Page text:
The good news is milk prices have bottomed out and are now improving, according to Bob Cropp, University of Wisconsin Extension dairy economist. The May Class III price hit the low for the year at $12.76 with June increasing to $13.22 and July at $15.35. Class III futures are in the $16s for the remainder of the year. But, it is uncertain if prices will hold at these levels.
"These higher prices are driven by surprisingly much higher dairy product prices," Cropp explains. "Higher prices have been surprising because milk production has been relatively strong, dairy stocks have been increasing and dairy exports remain week."
Butter stocks on May 31 were 22.5% higher than a year ago and 32.3% higher than the five-year average for this date. But, on the positive side, sales of butter and cheese have been strong, according to the USDA. While total cheese stocks are much higher, fresh cheese has been tighter. Also cheddar cheese production has been lower than a year ago with May production 2% lower. There are reports that some butter and cheese buyers report having difficulty finding product outside of contract commitments, Cropp notes.
Chicago Mercantile Exchange butter, which averaged $2.264 per pound in June, ranged from $2.25 to $2.35 per pound in July. CME cheese prices have shown even greater strength. The 40-pound blocks averaged $1.5005 per pound in June but ranged from $1.58 to $1.68 per pound in July. And barrels which averaged $1.5301 per pound in June ranged from $1.67 to $1.7750 per pound in July.
"Whether dairy product prices increase more in the months ahead will depend on continued strong sales and lower milk production than now forecasted," Cropp says. "It doesn’t now look like we can expect much improvement in exports to increase prices. USDA is still forecasting milk production this year to end up 1.8% higher than last year. I think the increase could end up closer to 1.6%. Much of the dairy country is currently experiencing some extreme temperatures which could reduce milk per cow, especially if these temperatures persist through August."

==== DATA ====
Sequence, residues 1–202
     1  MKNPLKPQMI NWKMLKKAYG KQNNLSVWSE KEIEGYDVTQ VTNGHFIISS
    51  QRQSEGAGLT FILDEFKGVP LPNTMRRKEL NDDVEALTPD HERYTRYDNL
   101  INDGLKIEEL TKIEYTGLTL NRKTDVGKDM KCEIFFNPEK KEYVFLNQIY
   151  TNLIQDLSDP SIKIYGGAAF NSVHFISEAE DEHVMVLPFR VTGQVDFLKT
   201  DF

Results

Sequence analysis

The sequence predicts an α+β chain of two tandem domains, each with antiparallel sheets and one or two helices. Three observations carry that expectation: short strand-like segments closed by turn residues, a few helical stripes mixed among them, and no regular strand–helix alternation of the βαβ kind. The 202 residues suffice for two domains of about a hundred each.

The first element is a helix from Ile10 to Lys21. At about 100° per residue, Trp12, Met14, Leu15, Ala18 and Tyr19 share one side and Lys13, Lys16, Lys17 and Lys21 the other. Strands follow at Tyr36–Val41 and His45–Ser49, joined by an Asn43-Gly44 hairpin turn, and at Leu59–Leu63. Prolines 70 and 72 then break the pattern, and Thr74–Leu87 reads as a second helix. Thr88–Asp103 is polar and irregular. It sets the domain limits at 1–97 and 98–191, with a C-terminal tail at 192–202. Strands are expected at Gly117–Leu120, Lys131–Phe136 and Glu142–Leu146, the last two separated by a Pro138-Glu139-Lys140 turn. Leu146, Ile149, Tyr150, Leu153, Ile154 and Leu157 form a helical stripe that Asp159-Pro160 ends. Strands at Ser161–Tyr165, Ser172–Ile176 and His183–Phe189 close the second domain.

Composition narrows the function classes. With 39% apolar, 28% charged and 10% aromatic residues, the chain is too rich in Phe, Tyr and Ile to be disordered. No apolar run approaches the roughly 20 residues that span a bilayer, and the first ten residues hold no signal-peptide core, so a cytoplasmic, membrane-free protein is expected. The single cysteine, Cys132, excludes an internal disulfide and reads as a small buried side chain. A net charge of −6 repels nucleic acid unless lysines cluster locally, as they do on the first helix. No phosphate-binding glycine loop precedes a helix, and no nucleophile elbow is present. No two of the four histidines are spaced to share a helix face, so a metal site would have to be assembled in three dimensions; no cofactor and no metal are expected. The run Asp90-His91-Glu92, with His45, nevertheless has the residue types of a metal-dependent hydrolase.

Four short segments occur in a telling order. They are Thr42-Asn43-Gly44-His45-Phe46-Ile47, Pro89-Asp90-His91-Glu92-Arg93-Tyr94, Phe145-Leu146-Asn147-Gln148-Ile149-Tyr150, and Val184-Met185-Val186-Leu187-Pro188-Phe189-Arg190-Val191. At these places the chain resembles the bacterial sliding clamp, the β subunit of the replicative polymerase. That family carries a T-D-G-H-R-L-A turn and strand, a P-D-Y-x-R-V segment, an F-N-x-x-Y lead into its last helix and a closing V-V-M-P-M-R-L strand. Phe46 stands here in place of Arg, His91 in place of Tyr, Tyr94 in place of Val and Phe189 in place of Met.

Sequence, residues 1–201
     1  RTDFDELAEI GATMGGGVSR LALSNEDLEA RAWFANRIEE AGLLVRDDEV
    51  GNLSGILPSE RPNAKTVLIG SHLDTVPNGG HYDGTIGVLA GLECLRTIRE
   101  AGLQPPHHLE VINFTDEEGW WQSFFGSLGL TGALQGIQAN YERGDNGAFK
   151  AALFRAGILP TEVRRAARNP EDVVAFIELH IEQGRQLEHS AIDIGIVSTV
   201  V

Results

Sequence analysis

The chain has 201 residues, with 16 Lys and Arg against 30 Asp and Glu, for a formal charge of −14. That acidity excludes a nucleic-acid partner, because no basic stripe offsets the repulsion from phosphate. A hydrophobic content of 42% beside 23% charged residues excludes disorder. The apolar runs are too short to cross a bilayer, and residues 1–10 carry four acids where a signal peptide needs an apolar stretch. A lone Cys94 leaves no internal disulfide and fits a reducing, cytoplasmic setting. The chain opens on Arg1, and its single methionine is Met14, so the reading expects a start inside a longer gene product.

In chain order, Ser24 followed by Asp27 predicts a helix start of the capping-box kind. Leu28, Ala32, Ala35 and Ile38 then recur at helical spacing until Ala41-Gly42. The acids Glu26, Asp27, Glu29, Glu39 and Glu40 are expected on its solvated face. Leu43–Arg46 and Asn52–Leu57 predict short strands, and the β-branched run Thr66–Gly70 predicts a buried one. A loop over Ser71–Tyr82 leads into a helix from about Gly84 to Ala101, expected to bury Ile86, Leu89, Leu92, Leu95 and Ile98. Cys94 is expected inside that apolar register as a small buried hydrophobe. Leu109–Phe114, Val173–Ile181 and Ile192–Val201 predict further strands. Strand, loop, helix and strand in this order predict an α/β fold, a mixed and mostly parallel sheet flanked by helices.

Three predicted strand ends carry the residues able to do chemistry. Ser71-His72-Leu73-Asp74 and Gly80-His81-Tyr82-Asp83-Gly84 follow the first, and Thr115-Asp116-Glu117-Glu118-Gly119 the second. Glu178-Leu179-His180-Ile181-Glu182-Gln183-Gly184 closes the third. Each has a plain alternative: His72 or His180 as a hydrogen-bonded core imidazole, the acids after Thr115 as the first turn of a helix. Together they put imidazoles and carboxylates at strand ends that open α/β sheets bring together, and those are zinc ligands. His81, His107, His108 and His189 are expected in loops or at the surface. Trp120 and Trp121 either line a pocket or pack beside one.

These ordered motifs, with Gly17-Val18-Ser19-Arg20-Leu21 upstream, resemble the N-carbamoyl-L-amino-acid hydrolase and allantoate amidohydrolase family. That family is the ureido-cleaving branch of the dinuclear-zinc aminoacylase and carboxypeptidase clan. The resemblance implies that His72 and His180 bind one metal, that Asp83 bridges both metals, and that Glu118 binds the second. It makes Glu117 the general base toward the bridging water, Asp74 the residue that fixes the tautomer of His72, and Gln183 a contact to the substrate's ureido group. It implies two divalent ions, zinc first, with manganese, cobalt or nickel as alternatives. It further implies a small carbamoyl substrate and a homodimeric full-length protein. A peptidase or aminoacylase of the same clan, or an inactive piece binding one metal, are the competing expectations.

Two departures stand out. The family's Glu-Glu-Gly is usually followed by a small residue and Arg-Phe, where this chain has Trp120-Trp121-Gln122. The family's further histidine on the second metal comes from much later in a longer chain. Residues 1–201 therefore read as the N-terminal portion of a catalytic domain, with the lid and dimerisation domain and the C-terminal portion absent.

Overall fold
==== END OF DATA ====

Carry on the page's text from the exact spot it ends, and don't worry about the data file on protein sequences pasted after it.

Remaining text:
USDA’s milk production report for June milk production showed production staying relatively strong at 1.5% higher than a year ago. Milk cow numbers have been rather stable at 9.37 million head in April and May and increased just 1,000 head in June. June milk cows were just 5,000 head higher than a year ago. "Milk production is growing due to higher milk production per cow which was up 1.4% in June," Cropp says. "Milk production peaked in May and is now seasonally declining with June’s production 852 million pound lower than May."
Regional milk production patterns remain the same as the past few months with stronger production in the Northeast and Midwest and weaker but improved production in the West.
"So there is now much uncertainty whether milk prices will end up as dairy futures is now showing," he says. "But, I do believe Class III and Class IV staying at least in the $15s for the remainder of the year is very possible."
If so the Class III would average around $14.50 for the year compared to $15.80 last year and $22.34 in 2014. USDA is still forecasting prices lower than this with Class III in the $13.90 to $14.20 range.